Overwhelmingly, Elisha helps out widows, or impoverished students in the schools of the prophets. He heals the stew, he multiplies loaves of barley, and he multiplies the widow’s oil. Most of his miracles are off-Broadway. But after Elisha got a “double portion,” we were rubbing our hands together, a row of tornadoes made up of killer bees. Like the disciples, we sometimes do not know what spirit we are of (Luke 9:55) and want to copy some of Elijah’s thunderbolts. Nobody wants to be Elisha, prophet of the widow’s pantry.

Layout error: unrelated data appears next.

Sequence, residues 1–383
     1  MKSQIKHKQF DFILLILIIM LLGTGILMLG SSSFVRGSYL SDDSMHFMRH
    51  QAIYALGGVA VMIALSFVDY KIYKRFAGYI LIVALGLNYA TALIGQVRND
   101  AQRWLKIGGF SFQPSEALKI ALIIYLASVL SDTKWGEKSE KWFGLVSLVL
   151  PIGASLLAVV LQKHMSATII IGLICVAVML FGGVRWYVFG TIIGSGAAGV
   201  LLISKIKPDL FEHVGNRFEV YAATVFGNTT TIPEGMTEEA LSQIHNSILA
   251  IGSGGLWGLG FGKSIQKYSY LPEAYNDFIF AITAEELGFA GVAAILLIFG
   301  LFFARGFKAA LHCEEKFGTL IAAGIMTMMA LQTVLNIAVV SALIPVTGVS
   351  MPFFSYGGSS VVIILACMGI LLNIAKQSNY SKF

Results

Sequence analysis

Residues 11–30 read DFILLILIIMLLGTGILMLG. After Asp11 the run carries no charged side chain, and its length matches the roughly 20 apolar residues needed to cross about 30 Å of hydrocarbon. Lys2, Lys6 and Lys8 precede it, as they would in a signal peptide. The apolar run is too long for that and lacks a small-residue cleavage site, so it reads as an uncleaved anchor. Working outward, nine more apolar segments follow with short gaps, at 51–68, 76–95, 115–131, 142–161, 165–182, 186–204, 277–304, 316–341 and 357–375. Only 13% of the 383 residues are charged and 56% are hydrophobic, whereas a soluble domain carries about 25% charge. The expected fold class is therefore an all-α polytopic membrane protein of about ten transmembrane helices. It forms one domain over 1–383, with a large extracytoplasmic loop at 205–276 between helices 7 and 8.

With Him Also:
The greatness of God fits easily within the confined space of a humble heart. God in His majesty works in and through every humble deed. Those who gave cups of cold water in the name of Jesus will discover at the last day that they have not lost their reward (Mark 9:41).
“For thus saith the high and lofty One That inhabiteth eternity, whose name is Holy; I dwell in the high and holy place, With him also that is of a contrite and humble spirit, To revive the spirit of the humble, And to revive the heart of the contrite ones” (Is. 57:15).